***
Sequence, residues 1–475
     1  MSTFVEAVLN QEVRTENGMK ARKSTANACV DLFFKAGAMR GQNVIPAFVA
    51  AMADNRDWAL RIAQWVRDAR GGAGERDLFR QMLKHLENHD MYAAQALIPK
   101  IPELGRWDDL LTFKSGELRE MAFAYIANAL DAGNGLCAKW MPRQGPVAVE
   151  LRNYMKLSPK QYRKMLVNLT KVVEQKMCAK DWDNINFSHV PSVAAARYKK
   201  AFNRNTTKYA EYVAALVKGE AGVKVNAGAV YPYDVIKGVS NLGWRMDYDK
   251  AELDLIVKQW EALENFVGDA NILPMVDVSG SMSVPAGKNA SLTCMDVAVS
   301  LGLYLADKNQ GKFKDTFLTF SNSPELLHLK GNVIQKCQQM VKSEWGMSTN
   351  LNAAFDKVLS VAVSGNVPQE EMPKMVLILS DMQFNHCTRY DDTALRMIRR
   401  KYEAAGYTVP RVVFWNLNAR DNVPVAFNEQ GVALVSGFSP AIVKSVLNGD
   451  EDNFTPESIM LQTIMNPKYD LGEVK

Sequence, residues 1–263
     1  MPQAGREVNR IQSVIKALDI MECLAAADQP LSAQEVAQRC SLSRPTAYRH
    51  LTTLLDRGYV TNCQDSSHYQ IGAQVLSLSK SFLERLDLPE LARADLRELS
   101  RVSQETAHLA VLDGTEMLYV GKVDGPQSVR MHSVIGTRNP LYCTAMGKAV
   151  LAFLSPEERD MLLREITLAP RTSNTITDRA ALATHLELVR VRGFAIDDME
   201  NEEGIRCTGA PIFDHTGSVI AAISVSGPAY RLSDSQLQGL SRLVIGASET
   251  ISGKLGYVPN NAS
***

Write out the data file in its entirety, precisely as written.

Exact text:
Sequence, residues 1–475
     1  MSTFVEAVLN QEVRTENGMK ARKSTANACV DLFFKAGAMR GQNVIPAFVA
    51  AMADNRDWAL RIAQWVRDAR GGAGERDLFR QMLKHLENHD MYAAQALIPK
   101  IPELGRWDDL LTFKSGELRE MAFAYIANAL DAGNGLCAKW MPRQGPVAVE
   151  LRNYMKLSPK QYRKMLVNLT KVVEQKMCAK DWDNINFSHV PSVAAARYKK
   201  AFNRNTTKYA EYVAALVKGE AGVKVNAGAV YPYDVIKGVS NLGWRMDYDK
   251  AELDLIVKQW EALENFVGDA NILPMVDVSG SMSVPAGKNA SLTCMDVAVS
   301  LGLYLADKNQ GKFKDTFLTF SNSPELLHLK GNVIQKCQQM VKSEWGMSTN
   351  LNAAFDKVLS VAVSGNVPQE EMPKMVLILS DMQFNHCTRY DDTALRMIRR
   401  KYEAAGYTVP RVVFWNLNAR DNVPVAFNEQ GVALVSGFSP AIVKSVLNGD
   451  EDNFTPESIM LQTIMNPKYD LGEVK

Sequence, residues 1–263
     1  MPQAGREVNR IQSVIKALDI MECLAAADQP LSAQEVAQRC SLSRPTAYRH
    51  LTTLLDRGYV TNCQDSSHYQ IGAQVLSLSK SFLERLDLPE LARADLRELS
   101  RVSQETAHLA VLDGTEMLYV GKVDGPQSVR MHSVIGTRNP LYCTAMGKAV
   151  LAFLSPEERD MLLREITLAP RTSNTITDRA ALATHLELVR VRGFAIDDME
   201  NEEGIRCTGA PIFDHTGSVI AAISVSGPAY RLSDSQLQGL SRLVIGASET
   251  ISGKLGYVPN NAS